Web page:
Parades body still hopeful for calm marching season
The Parades Commission has said that it is not too late for loyalists and those opposed to marches to ensure a peaceful summer.
Chairman Peter Osborne said that a turbulent marching season was not inevitable.
Last week Orange Order grand chaplain Mervyn Gibson suggested that the Order might follow the example of the flag protesters and not notify the authorities of marches.
There was confusion over whether the Commission could make rulings on events such as the flag marches each Saturday.
On Monday the Commission said it could only make rulings on parades it had been notified about.
"The law is very clear. It is an offence to organise or participate in a parade that has not been notified through the appropriate form to the police. In upholding the law, the police have a number of options open to them, including stopping the parade," Mr Osborne said.
Yet, when the Commission was asked what constituted a parade, there was no clear answer. Said a spokesman: "The Commission only concerns itself with notified parades. As to what the events taking place in Belfast city centre on Saturday constitute, that is a matter for others to determine."
Last week Justice Minister David Ford said a review of parades legislation was needed.
Mr Osborne called for calm and engagement with local communities to solve marching disputes.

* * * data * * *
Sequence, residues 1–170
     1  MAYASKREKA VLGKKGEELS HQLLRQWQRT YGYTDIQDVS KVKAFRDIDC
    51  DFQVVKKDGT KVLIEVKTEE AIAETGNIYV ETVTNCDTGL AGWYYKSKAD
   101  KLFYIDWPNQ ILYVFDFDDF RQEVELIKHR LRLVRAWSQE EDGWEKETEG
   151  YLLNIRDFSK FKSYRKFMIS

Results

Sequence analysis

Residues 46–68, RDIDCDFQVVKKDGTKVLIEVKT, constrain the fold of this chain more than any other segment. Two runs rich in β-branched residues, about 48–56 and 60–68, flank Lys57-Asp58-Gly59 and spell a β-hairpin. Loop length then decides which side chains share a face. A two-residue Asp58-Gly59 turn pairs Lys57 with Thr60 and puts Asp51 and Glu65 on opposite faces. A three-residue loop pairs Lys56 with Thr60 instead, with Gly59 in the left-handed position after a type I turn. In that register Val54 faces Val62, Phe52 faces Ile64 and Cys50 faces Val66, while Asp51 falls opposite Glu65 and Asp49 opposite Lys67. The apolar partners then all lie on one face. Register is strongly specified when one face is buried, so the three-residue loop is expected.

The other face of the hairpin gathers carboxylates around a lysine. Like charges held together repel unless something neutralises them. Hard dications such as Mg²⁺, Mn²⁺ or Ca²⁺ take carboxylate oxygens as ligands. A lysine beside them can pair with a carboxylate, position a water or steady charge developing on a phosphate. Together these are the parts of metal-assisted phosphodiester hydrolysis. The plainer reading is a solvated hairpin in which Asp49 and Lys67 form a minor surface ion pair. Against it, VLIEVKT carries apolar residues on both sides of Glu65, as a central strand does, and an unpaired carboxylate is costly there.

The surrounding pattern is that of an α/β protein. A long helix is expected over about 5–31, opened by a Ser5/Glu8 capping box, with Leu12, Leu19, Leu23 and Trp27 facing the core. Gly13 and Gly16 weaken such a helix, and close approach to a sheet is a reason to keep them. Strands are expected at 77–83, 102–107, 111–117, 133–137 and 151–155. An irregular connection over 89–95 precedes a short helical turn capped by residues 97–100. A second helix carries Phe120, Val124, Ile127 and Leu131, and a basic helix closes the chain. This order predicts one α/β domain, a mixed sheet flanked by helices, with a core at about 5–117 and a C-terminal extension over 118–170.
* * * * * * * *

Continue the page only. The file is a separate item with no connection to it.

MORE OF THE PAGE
He added that the commission would "provide time and space" for conversations between the loyal orders and residents to resolve flashpoint marches, such as the one passing Ardoyne shops.
A spokeswoman for Secretary of State Theresa Villiers categorically denied that there were loopholes in the parading legislation.
The spokeswoman suggested the marches to the city centre may be "public protests that are unrelated to parades". She added that the handling of such protests was a "devolved matter".
She put responsibility for making decisions onto the police.
"There is no requirement in Northern Ireland to give notice of such a protest, but the PSNI is empowered to give directions imposing conditions. If a person knowingly fails to comply with such a condition, that person is committing a criminal offence."
"Looking towards summer 2013 the Commission still believes that there is time to shift the focus from confrontation to dialogue and better understanding. People have a choice. Recent events have demonstrated what happens when poor choices are made – there is disruption, disorder and rioting on our streets." - Parades Commission Chairman Peter Osborne